CONNECTING PEOPLE TO IDEAS AND TO EACH OTHER
CONNECTING PEOPLE TO IDEAS AND TO EACH OTHER
In the Green Room

Haitian Women of Miami’s Marleine Bastien

I Want to Wake Up With My Heart Singing

Marleine Bastien is the founder and executive director of Fanm Ayisyen Nam Miyami/Haitian Women of Miami. Before participating in a panel on what immigration reform might mean for Miami, she took questions on beauty, childhood mischief, and her morning routine in the Zócalo green room.

Q:
What do you consider beautiful?

A:
I think Miami’s beautiful—today is beautiful. I mean look at the sun, it’s beautiful. Actually it seems really criminal to be confined between these walls; you feel like running to the beach barefoot and getting into the water.

Q:
Who’s the one person, living or dead, you’d most like to have a beer with?

A:
Mahatma Gandhi, Sojourner Truth, Toussaint L’Ouverture … I have so many, it’s hard to really decide.

Q:
How did you get into trouble as a kid?

A:
Advocating for other kids. I’ve always been strong-headed, and I got in trouble with my teachers for standing up. I went to a private school in Haiti, College Bird, where all the bourgeois kids went, and my family was a farming family. Sometimes the teachers, they favored the bourgeois kids; they tried to discriminate against the less-rich families. So I always stood up to those teachers. My friends and I, we still laugh about it today. There were four of us—they called us the rebels of College Bird.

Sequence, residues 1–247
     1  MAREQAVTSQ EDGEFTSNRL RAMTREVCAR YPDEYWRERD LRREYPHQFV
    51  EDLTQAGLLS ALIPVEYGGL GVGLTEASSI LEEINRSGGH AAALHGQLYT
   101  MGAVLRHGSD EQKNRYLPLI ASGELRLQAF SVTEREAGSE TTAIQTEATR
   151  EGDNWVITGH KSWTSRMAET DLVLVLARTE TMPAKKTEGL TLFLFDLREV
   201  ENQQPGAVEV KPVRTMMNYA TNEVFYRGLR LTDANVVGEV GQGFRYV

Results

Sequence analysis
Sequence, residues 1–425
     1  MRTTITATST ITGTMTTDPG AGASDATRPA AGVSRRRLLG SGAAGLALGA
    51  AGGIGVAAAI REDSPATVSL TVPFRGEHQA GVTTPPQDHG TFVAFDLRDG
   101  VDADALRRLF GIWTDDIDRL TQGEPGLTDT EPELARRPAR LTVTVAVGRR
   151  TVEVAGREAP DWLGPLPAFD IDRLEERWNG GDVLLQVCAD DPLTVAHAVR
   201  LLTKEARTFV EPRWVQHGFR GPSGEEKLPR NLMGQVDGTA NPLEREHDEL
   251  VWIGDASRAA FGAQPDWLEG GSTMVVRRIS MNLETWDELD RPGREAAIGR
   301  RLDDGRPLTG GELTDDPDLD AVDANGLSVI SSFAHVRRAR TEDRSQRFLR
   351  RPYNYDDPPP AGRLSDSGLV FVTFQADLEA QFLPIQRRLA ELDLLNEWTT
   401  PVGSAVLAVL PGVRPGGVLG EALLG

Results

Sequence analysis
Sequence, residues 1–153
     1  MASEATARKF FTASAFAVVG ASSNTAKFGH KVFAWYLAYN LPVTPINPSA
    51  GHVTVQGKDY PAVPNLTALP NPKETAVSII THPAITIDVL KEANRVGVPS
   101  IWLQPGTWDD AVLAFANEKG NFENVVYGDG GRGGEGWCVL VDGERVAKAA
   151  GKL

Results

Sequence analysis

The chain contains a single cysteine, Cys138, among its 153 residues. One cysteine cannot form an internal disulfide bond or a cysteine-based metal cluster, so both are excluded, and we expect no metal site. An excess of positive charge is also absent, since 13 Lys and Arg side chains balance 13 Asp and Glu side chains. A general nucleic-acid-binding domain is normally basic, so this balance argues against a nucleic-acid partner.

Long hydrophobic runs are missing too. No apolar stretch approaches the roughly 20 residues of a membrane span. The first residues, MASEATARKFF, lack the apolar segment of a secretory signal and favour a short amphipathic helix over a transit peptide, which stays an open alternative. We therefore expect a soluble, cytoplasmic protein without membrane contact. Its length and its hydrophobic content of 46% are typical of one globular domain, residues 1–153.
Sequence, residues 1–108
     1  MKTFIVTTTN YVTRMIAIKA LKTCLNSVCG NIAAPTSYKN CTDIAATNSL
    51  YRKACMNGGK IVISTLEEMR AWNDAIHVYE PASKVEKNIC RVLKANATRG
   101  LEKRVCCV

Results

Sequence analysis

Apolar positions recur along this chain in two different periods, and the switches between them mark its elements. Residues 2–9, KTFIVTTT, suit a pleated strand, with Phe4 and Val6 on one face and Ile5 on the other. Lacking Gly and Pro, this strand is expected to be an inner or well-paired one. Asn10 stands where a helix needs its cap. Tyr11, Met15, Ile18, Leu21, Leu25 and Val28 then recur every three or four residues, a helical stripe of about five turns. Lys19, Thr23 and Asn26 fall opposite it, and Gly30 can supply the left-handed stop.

Q:
What’s your comfort food?

A:
I love ice cream.

Q:
What is your greatest extravagance?

A:
Vegging out. Reading a book nonstop from beginning to end, and just vegging out.

Q:
Who’s your favorite Haitian author?

A:
Edwidge Danticat is one of them. I love her writing. Jan Mapou. Who else? I read a lot of books from Paul Farmer. I love Haitian history. I love to read the history of how Haiti, even though people consider it the poorest country in the hemisphere, I love the fact that after its independence it supported other nations in the Americas to help them free their slaves.

Q:
What do you wake up to?

A:
What do you wake up to? I wake up to my prayer. I’m a Bahá’í. I’m lucky if I’m at peace enough to wake up with a prayer in my head. But if I’m stressed out, I have to relax a little bit, meditate a little bit. But I like it when I wake up with my heart and brain singing. That’s my best day.

Q:
Where do you go to be alone?

A:
In my room. I don’t have a lot of free time. I love to travel by myself; I’d love to go around the world. That’s my vision before I die: to build schools, to allow girls to have an education, but with a peace.

Q:
What’s hanging on your living room walls?

A:
Haitian paintings, and one that I really favor—a painting by my brother, a well-known Haitian artist, that shows how women are multi-talented, they can conduct so many different activities and remain whole and engaged and compassionate and strong.

Q:
If you could be any animal, which would you want to be?

A:
What is an animal who’s quiet, unassuming, and yet so strong? [A horse?] Yes—and kind, and gentle, and strong—beyond measure.